• The Royal Air Force (RAF) marks its 100th anniversary with a flyby of 100 aircraft over London and South East England. The Queen, accompanied by The Prince of Wales, also presents a new Queen's Colour to the Royal Air Force at a ceremony on the forecourt of Buckingham Palace.[259]
    • Two vice chairs of the Conservative Party, Maria Caulfield and Ben Bradley, resign in protest at Theresa May's Chequers Brexit compromise plan.[260]
  • 11 July
  • 12 July
    • The government publishes its White Paper, The future relationship between the United Kingdom and the European Union.[262]
    • US President Donald Trump arrives in the UK. The four-day visit includes talks with Theresa May, tea with the Queen and a trip to Scotland. There are mass protests in London, featuring a six metre tall 'Trump baby' blimp flown over Westminster.[263]
  • 13 July –
  • 14 July – The RRS Sir David Attenborough is launched into the River Mersey by its namesake, Sir David Attenborough.[267]
  • 15 July – The ongoing heatwave and dry conditions lead to a huge grass fire on Wanstead Flats, East London, which becomes the largest incident of its kind ever dealt with by the London Fire Brigade.[268]
  • After the 2018 World Cup English Footballer Harry Kane wins the golden boot scoring 6 goals at the world cup. Harry kane is the first Englishman to win the World Cup Golden Boot since Gary Lineker at the 1986 World Cup.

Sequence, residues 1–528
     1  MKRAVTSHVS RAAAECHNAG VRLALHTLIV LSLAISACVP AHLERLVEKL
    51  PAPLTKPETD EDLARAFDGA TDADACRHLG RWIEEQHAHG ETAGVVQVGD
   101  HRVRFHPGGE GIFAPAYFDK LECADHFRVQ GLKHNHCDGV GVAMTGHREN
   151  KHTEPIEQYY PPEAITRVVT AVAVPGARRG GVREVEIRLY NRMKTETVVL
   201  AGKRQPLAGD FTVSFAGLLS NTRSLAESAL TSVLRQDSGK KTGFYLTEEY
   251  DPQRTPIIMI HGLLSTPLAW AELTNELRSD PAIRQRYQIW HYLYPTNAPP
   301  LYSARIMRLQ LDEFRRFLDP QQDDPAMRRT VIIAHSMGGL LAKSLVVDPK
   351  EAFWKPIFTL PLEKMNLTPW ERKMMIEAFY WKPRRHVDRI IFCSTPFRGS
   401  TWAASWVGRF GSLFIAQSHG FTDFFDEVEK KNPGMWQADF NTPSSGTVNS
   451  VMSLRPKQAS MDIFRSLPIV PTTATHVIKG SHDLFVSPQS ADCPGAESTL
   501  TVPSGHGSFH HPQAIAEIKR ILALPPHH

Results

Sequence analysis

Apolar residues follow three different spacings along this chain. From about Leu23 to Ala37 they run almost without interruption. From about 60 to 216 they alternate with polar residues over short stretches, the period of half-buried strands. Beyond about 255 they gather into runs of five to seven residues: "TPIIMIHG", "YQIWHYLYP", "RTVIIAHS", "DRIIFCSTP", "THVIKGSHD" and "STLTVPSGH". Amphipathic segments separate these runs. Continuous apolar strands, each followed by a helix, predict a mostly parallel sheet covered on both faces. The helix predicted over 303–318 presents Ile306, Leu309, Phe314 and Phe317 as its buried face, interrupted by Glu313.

• 16 July
    • Former education secretary Justine Greening calls for a second referendum on Brexit, becoming the most high-profile Conservative to endorse such a move.[269]
    • The government confirms that it will accept all four demands by the European Research Group. Downing Street insists they are all consistent with its recent Brexit white paper, but critics say the Chequers agreement of 6 July is dead.[270] MPs vote by 305 to 302 in favour of the amendment.[271]
  • 17 July
    • Brexit campaign group Vote Leave is fined and referred to police for breaking electoral law.[272]
    • In a vote of 307 to 301, MPs reject a proposal to form a customs union if the UK and EU do not agree a trade deal. However, in a separate vote of 305 to 301, they back an amendment to keep the UK in the European medicines regulatory network.[273]
  • 18 July – Sir Cliff Richard wins a privacy case against the BBC over its coverage of a police raid on his home. High Court judge Mr Justice Mann awards him £210,000 in damages.[274]
  • 19 July – Conservative MP Philip Davies submits a letter of no confidence in Theresa May to the chair of the backbench 1922 Committee, saying he has “lost trust” in her ability to deliver the EU referendum result.[275]